Finally with 2 days left to his visit and the girl friend’s dad gone, he came to me and asked to see some pictures.  He had no visible reaction.  Once again, just matter of fact.  He said his concerns were related to how many memorial services he should hold if I die: one for me as a female or two: one for those who knew me as male and another for those who knew me as a female. 


He also asked if he could show the pictures to his girl friend.  He took them to her and returned quicker than I expected.  Not sure how to take that.  Hopefully, they just wanted to check to make a linebacker in a drag wasn’t going to spoil their wedding (if they get married). 


My spouse also relayed a conversation she’d had with my son and his girlfriend.  She had told them that my concern about telling him was its impact on his relationship with his very very serious girl friend.  The girl friend’s response was that I should be very proud of the great son I’d raised and know that she was steadfast in her love for him.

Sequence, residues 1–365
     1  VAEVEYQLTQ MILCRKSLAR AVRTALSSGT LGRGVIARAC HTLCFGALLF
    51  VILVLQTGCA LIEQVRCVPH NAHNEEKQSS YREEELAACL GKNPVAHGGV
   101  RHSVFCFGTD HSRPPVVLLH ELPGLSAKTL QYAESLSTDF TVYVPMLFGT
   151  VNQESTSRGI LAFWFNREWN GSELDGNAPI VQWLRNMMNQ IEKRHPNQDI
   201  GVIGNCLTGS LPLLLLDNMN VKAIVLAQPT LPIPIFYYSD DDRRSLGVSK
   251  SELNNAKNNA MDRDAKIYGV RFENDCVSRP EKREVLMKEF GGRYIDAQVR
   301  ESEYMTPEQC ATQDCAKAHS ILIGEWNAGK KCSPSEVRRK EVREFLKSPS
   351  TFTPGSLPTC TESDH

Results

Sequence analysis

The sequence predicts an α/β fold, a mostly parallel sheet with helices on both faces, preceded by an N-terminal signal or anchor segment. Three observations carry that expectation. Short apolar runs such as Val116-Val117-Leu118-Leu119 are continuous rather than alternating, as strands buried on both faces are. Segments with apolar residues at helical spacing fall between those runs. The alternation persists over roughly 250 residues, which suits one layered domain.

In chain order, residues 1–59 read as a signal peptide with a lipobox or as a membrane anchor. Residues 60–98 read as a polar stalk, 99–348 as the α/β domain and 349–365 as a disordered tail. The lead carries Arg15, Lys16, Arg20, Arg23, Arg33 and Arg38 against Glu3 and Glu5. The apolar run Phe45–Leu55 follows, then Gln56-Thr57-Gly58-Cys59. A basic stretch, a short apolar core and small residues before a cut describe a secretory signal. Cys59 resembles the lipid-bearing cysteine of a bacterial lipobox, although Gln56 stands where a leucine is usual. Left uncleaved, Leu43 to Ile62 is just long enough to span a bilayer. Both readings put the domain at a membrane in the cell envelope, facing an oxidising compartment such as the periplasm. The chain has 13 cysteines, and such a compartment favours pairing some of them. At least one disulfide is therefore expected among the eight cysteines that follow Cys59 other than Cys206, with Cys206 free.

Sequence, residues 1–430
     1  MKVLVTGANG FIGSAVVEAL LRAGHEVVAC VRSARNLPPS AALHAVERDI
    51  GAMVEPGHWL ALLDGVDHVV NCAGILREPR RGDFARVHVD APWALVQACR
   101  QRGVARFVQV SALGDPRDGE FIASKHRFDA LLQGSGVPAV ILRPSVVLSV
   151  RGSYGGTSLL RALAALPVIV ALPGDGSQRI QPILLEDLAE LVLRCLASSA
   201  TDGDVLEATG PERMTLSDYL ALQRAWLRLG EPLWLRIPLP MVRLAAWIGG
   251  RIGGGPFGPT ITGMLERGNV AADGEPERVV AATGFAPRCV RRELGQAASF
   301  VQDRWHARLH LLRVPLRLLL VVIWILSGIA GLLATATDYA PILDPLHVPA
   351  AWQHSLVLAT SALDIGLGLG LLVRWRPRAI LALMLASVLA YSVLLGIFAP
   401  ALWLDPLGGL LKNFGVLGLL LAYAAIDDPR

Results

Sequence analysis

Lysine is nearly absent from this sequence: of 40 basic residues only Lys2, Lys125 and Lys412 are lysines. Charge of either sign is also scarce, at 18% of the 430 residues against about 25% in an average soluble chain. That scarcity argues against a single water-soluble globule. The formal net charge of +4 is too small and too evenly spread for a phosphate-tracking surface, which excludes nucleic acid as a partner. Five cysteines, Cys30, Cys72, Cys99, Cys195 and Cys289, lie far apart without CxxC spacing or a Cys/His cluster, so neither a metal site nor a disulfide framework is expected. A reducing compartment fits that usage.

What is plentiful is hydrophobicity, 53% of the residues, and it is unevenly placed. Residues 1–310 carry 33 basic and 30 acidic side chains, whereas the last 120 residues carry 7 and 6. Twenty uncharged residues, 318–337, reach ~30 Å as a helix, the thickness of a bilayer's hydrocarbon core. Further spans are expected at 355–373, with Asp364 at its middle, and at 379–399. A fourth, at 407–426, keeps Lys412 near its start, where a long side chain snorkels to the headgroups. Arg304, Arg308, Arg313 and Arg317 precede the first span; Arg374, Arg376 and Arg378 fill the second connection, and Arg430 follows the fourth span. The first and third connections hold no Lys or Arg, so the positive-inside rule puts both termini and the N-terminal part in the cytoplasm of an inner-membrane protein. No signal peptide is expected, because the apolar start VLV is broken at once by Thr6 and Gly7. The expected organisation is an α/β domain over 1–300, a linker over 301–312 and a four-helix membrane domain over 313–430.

They also told my spouse that they’d decided that if they get married, knowing it might be at a time when I occasionally crossdress as a man, that there should be two sets of photos taken, one traditional (i.e. me as a man) and one set with the true me so that I can have a set that truly reflects the family.  Also, they’ve decided if they have kids that they will have one grandfather (her dad) and two grandmothers (my spouse and I).


All this was very touching and told me that they were well past the idea of accepting or not accepting and were looking at how to adjust to the new reality.


I really didn’t expect my son to want to now chat with me about fashion and makeup as my daughter had.  After all, while my daughter and I now have more in common, my son and I have less.  He’s also reacting as most guys would, non-emotional and factual.  Although, I would have thought he’d be more curious about the community, the genre, and some of the clinical aspects.  But that’s him.  Nothing much shocks him. He’s a live and let live dude.


So now both my kids know and both are accepting and supportive.  I’m so proud that they’ve grown into respectful, open-minded individuals. It’s making my life so much easier.  I couldn't be happier.

Views: 6

Comment by Marsha M. Marsha on December 30, 2010 at 7:53pm